17. The Bishop's Wife features two actors who had appeared in It's a Wonderful Life (1946): Karolyn Grimes and Bobby Anderson. Anderson, who is billed as Defense Snowball Captain in The Bishop's Wife, had played young George Bailey in It's a Wonderful Life.
18. The Bishop’s Wife was featured on the following radio productions: The Screen Guild Theater, March 1, 1948, with Cary Grant, Loretta Young and David Niven; Lux Radio Theater, December 19, 1949, with Tyrone Power as Dudley, Jane Greer as Julia and David Niven as Henry; Lux Radio Theater, May 11, 1953, with Cary Grant as Dudley and Phyllis Thaxter as Julia; Lux Radio Theater, March 1, 1955, with Cary Grant as Dudley and Phyllis Thaxter as Julia.
19. The Broughams' big St. Bernard is named Queenie. Movie dog lovers remember that!
20. Mr. Gail Laughton instructed Cary Grant for the famous harp-playing scene. Laughton also recorded the actual soundtrack.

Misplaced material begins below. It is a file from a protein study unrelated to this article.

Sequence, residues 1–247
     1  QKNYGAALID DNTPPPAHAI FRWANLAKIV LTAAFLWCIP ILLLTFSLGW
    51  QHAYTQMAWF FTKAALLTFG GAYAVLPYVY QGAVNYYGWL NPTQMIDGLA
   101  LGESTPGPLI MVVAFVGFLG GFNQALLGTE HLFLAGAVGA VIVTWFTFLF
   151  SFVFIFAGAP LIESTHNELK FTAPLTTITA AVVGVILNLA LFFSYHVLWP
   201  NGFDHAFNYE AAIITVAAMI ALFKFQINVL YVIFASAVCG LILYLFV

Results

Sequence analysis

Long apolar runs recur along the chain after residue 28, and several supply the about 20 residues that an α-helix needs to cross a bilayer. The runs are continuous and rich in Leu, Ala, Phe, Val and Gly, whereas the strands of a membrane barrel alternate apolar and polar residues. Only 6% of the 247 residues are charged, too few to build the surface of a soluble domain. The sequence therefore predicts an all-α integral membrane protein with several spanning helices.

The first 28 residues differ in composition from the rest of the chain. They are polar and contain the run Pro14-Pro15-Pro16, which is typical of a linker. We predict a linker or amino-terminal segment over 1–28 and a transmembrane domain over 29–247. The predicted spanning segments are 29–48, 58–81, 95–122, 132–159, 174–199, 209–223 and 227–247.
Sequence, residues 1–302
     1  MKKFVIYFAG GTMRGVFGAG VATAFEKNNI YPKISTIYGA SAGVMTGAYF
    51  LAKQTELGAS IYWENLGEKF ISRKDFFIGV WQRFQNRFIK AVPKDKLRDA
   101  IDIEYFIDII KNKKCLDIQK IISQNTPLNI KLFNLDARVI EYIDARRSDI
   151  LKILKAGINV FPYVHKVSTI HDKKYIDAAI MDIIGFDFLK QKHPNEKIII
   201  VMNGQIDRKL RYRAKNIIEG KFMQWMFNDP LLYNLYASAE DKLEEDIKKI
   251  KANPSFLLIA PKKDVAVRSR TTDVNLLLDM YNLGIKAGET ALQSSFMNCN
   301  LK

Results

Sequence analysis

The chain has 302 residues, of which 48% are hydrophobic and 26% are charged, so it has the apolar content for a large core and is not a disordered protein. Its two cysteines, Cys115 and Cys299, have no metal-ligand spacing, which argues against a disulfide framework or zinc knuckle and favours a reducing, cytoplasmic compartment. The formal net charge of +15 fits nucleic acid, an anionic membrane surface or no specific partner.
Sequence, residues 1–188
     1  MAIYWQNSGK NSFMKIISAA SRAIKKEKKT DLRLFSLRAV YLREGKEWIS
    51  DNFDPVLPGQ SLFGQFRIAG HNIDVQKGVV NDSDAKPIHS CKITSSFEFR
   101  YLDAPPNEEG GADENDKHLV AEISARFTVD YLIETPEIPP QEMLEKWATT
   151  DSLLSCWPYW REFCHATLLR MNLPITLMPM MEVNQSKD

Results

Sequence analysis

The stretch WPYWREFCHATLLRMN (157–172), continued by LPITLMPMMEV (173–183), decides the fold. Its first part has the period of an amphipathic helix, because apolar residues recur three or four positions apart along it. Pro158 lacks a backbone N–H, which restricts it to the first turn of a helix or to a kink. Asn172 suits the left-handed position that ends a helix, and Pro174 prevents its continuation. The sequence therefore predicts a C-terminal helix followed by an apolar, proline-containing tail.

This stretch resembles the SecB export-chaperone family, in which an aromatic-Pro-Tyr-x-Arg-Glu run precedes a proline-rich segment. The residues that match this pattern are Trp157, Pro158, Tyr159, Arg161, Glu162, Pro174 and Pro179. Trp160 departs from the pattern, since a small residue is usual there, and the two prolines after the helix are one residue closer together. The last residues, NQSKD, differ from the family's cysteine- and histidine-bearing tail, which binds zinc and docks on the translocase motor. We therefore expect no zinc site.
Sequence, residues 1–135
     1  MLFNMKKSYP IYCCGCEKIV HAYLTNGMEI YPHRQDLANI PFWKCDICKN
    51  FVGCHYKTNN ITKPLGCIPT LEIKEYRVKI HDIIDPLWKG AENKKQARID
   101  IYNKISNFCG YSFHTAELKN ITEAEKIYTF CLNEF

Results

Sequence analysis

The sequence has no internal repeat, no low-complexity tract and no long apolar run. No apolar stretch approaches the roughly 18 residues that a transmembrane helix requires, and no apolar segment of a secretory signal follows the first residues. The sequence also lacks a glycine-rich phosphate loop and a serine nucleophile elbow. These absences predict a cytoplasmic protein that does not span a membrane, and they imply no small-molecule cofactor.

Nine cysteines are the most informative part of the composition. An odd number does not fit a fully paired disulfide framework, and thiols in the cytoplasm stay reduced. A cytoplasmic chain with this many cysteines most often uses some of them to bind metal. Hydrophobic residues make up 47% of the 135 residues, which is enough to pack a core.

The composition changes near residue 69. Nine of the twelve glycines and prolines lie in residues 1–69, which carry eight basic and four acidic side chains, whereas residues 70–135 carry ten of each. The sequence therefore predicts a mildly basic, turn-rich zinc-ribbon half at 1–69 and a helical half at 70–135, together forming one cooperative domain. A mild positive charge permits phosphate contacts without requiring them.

21. The Bishop's Wife opened at New York City's Astor Theater on December 9, 1947. Reported Bosley Crowther of The New York Times (12/10/47): "...Smoothly and with artful invention he [director Henry Koster] has induced Mr. Grant to give one of his most fluent and beguiling performances as the angel, 'Dudley,' who fixes things. And he has got out of David Niven a deliciously dexterous and droll characterization of a sorely pressed young bishop who can't quite cotton to this messenger from on high. Elsa Lanchester, too, is encouraged in an exquisitely faceted role of a twitterly little housemaid who flirts with this angelic gent, and Monty Woolley is actually human as an old dodo who is morally re-inspired. James Gleason, Sara Haden and Gladys Cooper are rich in smaller parts. Weakness is only evident in Loretta Young's unctuousness as the bishop's wife. She is the one artificial, inconsistent and discordant note.”